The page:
“Why did you say strange?” The boy asked.
“I said strange because it isn’t every day that somebody falls out of a tree.”
“Well, I wouldn’t necessarily say fall.”
The wind blew leaves under Matilda’s bench.
“Were you watching me?” she asked.
The let out a small laugh.
“No. I was actually…uh” he looked confused. “Sleeping.”
Matilda moved her head back. Her eyebrows came together momentarily. “Sleeping? Where were you sleeping?”
“On top of the…” He looked over to the greenhouse. “greenhouse. I like to climb things and I was walking around the woods when I saw this really big tree. I started to climb it and realized I could get to the top of the greenhouse from a branch. So I climbed the roof and just sort of fell asleep. I laid down to look at the clouds, initially, but…”
Matilda did not seem satisfied and had a skeptical look on her face.
“Interesting,” she asserted. “Why did you want to climb to the roof?”
The boy had a leaf in his hand. “Because nature told me to.”
“Is that so,” Matilda responded. “That reminds me of a story my grandma once told me. It was about a young boy, probably you’re age, who woke up in the middle of the night to a disembodied voice. It was calling out to him. He left his room and walked around the streets of his small city. The voice led him to a parking lot where he laid down and fell asleep. When he woke up it was the middle of a sunny day and he was in a graveyard, not far from his house. He could still hear something calling him and followed the voice to a tree. The voice got softer and softer until he could no longer hear it at all. He looked out into the forest and saw a tall woman standing between the trees. He started to feel sleepy again, but this time, before he fell asleep, tears came to his eyes. The woman spoke to him from a distance. ‘My name is Daylight,’ she said.”
The boy stood in silence. The wind swiftly moved in and out of the trees and the leaves trembled.
“Is that how the story ends?” The boy asked.
“Yes,” Matilda replied.
He sat down on the farther side of the bench and they waited in silence. A family of deer, not far off from the park, walked past them.
“I feel like a prisoner enjoying imaginary freedoms” the boy said. He looked at Matilda with half closed eyes.
“Where’d you get that from?”
She looked at him in a playfully dismissive manner.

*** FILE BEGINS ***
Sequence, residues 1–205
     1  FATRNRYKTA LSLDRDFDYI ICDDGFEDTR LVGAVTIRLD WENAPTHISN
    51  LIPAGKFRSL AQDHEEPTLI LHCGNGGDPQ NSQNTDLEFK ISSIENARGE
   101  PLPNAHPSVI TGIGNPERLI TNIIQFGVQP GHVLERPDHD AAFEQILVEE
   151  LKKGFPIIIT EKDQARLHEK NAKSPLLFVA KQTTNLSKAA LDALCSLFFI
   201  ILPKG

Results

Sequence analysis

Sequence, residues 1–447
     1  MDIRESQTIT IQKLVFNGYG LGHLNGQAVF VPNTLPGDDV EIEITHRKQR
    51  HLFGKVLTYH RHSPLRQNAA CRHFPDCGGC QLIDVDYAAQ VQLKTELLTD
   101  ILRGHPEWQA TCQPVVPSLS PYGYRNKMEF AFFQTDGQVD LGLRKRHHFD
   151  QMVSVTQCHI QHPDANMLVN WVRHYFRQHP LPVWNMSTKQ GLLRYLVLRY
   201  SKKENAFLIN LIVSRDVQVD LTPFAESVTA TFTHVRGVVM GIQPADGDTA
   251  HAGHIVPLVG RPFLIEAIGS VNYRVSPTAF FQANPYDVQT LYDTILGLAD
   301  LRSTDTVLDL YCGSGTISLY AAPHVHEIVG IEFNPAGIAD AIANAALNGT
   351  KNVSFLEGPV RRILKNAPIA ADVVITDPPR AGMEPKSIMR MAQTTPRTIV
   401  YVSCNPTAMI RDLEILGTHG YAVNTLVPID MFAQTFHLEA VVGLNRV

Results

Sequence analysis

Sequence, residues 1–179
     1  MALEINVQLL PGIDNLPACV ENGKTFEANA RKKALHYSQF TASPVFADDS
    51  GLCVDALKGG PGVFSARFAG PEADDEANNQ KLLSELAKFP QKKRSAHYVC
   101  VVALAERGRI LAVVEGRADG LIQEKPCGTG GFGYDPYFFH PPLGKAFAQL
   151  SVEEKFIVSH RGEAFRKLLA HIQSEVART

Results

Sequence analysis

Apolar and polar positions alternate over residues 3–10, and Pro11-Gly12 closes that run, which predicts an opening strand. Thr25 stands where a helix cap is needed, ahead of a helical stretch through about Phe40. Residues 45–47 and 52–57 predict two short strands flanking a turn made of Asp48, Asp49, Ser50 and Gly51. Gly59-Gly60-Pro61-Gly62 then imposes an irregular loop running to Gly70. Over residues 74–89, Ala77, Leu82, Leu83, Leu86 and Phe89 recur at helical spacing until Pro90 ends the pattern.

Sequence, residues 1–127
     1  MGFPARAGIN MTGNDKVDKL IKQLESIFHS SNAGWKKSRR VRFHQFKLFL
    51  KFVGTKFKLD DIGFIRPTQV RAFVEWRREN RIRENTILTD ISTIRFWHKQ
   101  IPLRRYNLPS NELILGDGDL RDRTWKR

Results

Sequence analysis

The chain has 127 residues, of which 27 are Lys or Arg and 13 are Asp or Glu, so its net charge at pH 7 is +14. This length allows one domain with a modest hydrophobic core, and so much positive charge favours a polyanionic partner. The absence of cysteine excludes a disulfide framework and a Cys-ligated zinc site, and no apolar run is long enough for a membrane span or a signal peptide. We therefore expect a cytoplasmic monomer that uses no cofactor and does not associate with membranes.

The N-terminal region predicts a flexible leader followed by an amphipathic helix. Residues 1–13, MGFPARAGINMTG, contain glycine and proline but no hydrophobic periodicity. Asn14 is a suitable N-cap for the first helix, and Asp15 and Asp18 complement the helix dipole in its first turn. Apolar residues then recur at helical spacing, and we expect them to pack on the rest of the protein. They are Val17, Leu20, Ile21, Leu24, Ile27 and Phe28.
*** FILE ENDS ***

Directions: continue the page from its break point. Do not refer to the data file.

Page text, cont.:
The sun started to peter through the trees.
“Do you like bugs?” the boy asked.
Matilda’s eyes widened. “I do like bugs.”
“Do you know how the cicada hatches?”
“When the cicada is born, it has to dig its way out of the earth. But, before doing so, it makes sure that the hole it was born in stays stable enough so that if the weather is bad it has a place to retreat to. So the cicada uses its urine to structure the walls, like a miner putting up wooden support beams. Upon leaving the hole, the cicada finds a blade of grass, or something similar, to perch on while it sheds its shell.”
Matilda examined the boy’s face.
“What does a cicada’s song sound like?” he asked her.
“I’m not sure.”
The boy jumped on the bench. He put his hands to his side and started flapping them like wings.
“Chirp! Chirp! Chirp!”
He sat down again.
“Oh, sorry,” he continued, “I guess I got my bird sounds mixed up with my cicada sounds.”
“You’re a maniac,” she said.
The boy sat down, a small smile on his face.
“I have to get going. I’m sure my mother is very worried about me. She said not to be out for too long. Who knows how long I was sleeping for.”
Matilda gave a short sigh.
“What’s your name? she asked.
“Ashley? Strange name for a boy isn’t it?”
“Yeah. My mom said that in the 70’s every boy and his uncle was named Ashely.”
“Hm. Sounds like something someone from the 70’s would say.”
Ashley laughed. He stood up, said good-bye, and walked around the greenhouse. Matilda continued to sit on the bench. She took a small piece of chocolate out of her bag and nibbled on it. ‘How can someone just fall asleep like that?’ she thought to herself. She looked up at the sun. Its warmth was calming.